Every year since my appointment as Bishop of Scranton in 2010, I have been privileged to join with many of you for the annual March for Life in our nation’s capital to commemorate the tragic Roe v. Wade Supreme Court decision that legalized abortion and to give witness to our shared belief that all human life is sacred and must be protected – especially the lives of the unborn, who are unable to protect themselves.

This year, because of the coronavirus and, frankly, out of concern for the safety of all who might gather in our nation’s capital in light of the tragic events and the blatant disrespect for life that we witnessed during the past few weeks, the March for Life will take place in a different way.  While some will still likely gather in Washington, faithful souls who treasure life from throughout our diocese and country have mobilized at local levels using all sorts of virtual platforms to advocate for the right to life of the unborn – just as we come together this day to celebrate the Holy Eucharist on this somber anniversary of the Court’s decision.

In an address to the Pontifical Academy for Life in June, 2018, Pope Francis affirmed what we do this day by asserting, “Our defense of the innocent unborn needs to be clear, firm and passionate, for at stake is the dignity of the human person, which is always sacred and demands love for each person, regardless of his or her age or stage of development.”  As such, for us as Catholics, respecting life, especially the unborn, is intrinsic to our identity as people of faith.  It admits no denial, no exception and no compromise.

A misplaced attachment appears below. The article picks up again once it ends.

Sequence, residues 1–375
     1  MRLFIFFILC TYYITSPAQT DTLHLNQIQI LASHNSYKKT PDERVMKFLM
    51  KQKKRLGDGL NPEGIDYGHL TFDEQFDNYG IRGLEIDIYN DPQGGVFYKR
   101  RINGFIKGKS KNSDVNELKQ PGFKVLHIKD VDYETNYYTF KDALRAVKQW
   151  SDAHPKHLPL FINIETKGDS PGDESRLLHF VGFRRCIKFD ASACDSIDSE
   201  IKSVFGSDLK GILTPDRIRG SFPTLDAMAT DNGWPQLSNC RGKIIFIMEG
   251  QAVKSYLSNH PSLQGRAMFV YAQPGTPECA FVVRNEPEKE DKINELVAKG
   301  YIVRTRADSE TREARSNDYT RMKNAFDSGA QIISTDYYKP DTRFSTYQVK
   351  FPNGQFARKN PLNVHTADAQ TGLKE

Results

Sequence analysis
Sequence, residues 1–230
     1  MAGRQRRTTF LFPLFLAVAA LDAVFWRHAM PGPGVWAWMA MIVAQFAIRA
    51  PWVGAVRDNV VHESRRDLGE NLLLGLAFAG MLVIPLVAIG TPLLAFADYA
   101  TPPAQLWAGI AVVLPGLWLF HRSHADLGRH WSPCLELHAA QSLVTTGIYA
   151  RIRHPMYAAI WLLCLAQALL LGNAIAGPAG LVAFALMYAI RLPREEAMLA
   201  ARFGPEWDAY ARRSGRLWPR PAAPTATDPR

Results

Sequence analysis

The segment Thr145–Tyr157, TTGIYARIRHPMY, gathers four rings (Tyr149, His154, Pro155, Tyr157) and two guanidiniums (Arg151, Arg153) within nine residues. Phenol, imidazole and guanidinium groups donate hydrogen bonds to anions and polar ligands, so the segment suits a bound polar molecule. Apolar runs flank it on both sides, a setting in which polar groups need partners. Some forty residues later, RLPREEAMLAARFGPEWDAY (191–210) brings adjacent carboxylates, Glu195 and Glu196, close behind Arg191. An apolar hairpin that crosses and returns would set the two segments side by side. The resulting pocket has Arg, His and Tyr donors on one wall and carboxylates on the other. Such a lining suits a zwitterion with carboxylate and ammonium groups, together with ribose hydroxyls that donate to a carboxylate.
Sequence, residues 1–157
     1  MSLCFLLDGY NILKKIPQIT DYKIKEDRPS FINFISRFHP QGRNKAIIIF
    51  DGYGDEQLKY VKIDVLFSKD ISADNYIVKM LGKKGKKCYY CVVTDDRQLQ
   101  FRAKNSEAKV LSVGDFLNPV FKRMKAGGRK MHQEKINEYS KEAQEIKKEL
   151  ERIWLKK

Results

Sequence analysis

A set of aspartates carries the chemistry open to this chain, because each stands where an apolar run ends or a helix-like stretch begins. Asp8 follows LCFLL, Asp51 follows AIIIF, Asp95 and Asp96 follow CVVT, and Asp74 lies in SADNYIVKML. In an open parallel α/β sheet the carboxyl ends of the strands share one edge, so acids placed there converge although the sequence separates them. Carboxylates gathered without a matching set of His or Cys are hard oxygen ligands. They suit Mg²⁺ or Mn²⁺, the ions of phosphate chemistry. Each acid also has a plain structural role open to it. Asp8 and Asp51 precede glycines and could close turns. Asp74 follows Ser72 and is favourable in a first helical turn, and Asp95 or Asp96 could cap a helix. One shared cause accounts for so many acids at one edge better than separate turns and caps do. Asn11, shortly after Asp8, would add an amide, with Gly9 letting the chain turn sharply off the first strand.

If we have learned nothing else during this very difficult year in which we have had to confront the deadly corona virus pandemic, most of us have come to appreciate the value of human life as never before.  We’ve also come to understand that so much of life is beyond our ability to control and, on our own, we are helpless to address the challenges that confront us.  Only by handing ourselves over to the power of God and working together to care for the lives that have been given to us will we ever discover a way forward filled with peace and hope for all.